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The Daily Pennsylvanian

This was supposed to be the year for Frank Sullivan's Crimson.

This was supposed to be the season Harvard would seriously contend for the Ivy League title. A solid start for the Crimson (10-6, 2-1 Ivy) brought new optimism to the only team without an Ancient Eight basketball title to its credit.

That optimism evaporated Friday night in Connecticut with an 82-74 loss to rival Yale. For the 14th time in as many seasons, Sullivan's team did not open the Ivy season 3-0. New team, same old result.

Harvard has now dropped six straight in New Haven. But as historically shaky as the the Crimson has been -- Sullivan has just one winning season to his credit -- it is not alone in its struggles at Payne Whitney Gym.

Over the past 10 seasons, just Penn (56-9) and Princeton (55-10) have better home league records than Yale (40-26). Since the 2002-03 season, just two teams (you guessed it, Penn and Princeton) have beaten the Elis at home.

The Quakers found out last season how hard it is to play the Elis at home, losing 78-60, despite clearly being the better team. Harvard was the victim of a similar fate despite holding a 138-180 advantage in the Ratings Percentage Index.

The Crimson did not mope for too long about the loss, clobbering Brown, 75-58, the next night.

Junior guard Jim Goffredo's 51 points between the two games earned him Ivy League Player of the Week honors.

Gant still hospitalized

Cornell guard Khaliq Gant remains in an Elmira, N.Y., hospital after sustaining a serious neck injury during practice last Tuesday. The sophomore from Norcross, Ga., had surgery on Friday. Gant had started all 17 games for the Big Red this season.

Details of his current condition remain unavailable because of medical privacy concerns. A local paper, The Ithaca Journal, reported Gant having sensations in his extremities despite not being able to move going into surgery.

Gant's teammates gave him a fitting tribute by scoring 47 points in the second half to defeat Columbia, 81-59, on Saturday. The Big Red players wore a patch with Gant's number 21 on their jerseys.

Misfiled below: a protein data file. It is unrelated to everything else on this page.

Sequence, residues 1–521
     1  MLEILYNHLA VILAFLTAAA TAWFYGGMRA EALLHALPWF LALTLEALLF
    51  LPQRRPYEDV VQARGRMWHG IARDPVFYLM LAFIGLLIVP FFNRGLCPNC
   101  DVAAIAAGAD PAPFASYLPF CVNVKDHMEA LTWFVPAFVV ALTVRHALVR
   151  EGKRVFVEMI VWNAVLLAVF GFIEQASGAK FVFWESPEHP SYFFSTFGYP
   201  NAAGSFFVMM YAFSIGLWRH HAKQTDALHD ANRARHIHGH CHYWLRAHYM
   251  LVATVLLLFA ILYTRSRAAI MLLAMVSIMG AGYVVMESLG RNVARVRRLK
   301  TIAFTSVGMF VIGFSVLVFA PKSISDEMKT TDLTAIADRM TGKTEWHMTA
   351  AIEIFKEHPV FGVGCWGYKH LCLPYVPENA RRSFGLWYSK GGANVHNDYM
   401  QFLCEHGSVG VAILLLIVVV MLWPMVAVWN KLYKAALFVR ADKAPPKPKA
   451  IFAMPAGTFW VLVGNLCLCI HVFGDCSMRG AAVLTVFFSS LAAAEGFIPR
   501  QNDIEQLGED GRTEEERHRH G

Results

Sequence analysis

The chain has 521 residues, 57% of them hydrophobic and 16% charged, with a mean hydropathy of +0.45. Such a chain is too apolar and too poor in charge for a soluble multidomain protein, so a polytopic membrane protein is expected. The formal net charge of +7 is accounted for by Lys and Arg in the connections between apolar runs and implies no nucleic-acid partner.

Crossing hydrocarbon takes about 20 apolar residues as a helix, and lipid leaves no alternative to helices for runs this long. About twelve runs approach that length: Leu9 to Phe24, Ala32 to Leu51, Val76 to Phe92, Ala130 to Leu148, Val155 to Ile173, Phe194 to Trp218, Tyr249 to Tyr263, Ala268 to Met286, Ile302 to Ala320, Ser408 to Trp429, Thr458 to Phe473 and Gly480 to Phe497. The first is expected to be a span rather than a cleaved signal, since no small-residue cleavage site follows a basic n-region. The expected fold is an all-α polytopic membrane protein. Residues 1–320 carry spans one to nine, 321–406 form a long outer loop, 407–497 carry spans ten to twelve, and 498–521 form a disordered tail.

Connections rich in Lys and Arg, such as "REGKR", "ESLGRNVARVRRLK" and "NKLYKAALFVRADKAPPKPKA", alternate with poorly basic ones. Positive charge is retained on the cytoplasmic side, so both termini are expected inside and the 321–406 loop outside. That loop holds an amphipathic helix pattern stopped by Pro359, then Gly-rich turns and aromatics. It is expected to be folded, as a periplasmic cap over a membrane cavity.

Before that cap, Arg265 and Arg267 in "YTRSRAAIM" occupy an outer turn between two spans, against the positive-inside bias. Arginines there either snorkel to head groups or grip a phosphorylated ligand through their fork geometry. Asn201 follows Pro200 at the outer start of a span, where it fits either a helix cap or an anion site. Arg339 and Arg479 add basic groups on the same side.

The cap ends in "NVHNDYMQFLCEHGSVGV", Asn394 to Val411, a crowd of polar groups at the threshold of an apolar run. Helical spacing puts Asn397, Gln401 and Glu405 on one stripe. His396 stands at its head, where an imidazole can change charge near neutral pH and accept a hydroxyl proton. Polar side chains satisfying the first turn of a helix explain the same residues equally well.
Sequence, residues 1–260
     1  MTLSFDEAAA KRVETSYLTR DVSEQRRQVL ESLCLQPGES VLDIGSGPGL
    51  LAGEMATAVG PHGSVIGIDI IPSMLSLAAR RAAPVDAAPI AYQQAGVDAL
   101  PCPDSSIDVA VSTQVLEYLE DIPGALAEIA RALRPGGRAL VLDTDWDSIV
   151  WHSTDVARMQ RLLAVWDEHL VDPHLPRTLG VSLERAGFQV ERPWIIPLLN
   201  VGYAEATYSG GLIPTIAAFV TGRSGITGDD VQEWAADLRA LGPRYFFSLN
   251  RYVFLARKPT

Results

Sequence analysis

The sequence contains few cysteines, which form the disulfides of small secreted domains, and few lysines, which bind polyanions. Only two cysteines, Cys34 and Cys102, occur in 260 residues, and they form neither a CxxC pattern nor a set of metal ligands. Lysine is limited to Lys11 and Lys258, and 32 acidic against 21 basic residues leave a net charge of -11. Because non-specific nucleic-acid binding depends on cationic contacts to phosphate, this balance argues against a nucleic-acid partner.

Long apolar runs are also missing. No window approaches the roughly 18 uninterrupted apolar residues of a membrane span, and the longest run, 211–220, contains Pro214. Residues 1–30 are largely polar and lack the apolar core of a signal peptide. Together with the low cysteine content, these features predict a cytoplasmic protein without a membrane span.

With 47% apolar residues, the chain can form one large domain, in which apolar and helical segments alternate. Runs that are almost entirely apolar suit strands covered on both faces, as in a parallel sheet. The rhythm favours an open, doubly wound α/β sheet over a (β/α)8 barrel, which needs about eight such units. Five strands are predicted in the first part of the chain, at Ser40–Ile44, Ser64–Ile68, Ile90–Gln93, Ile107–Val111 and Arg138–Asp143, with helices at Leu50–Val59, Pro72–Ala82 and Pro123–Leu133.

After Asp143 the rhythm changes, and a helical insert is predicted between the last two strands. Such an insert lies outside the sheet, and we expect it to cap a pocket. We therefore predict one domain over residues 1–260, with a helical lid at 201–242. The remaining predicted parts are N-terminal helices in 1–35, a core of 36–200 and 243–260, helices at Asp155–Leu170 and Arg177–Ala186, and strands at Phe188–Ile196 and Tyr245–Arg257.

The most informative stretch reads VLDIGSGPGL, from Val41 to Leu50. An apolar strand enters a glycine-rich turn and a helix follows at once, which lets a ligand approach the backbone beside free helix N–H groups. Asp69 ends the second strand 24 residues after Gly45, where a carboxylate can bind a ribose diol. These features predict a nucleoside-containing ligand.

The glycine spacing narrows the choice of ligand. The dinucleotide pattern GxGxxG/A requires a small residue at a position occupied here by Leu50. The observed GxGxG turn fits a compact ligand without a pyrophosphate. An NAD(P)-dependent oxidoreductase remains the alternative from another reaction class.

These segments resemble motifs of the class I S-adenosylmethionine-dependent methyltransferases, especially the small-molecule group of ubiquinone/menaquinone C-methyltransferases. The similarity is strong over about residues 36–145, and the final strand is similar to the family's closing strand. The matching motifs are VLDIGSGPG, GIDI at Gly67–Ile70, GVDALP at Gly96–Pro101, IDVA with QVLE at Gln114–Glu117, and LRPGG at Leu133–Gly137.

Guard Adam Gore's career-high 28 points earned him his fifth Ivy Rookie of the Week honor.

Tiger by the tail

Princeton's loss to Davidson Sunday night marked the end of the non-conference season for the Ivy League. The Tigers must have been feeling some hangover from not having played in two weeks because of final exams.

Or maybe the Tigers are just that bad. At 3-12, Princeton is on pace for one of the worst seasons in its history. Joe Scott's team would have to win all 12 of its remaining games to avoid its worst season since a 15-11 campaign in 1992-93.

If the Tigers lose four more games -- not unlikely since all seven of their remaining opponents are ranked ahead of them in the RPI -- they will match the worst season in the program's 105-year history. The 1946-47 Tigers went 7-16 including two losses to Penn and just a pair of wins over current members of the Ivy League.

All Ivy from here

Most Ivy League coaches must be glad to have their non-league slate behind them.

Combined, the Ancient Eight went 44-46 against the rest of the college basketball world -- including 3-1 against non-Division-I opponents thanks to Princeton's loss to Carnegie Mellon.

Half of the league finished above .500, while Princeton and Dartmouth each went 2-11.

Penn's win over Hawaii may be the best the Ancient Eight has to show, since the other seven teams struggled mightily against quality opponents.

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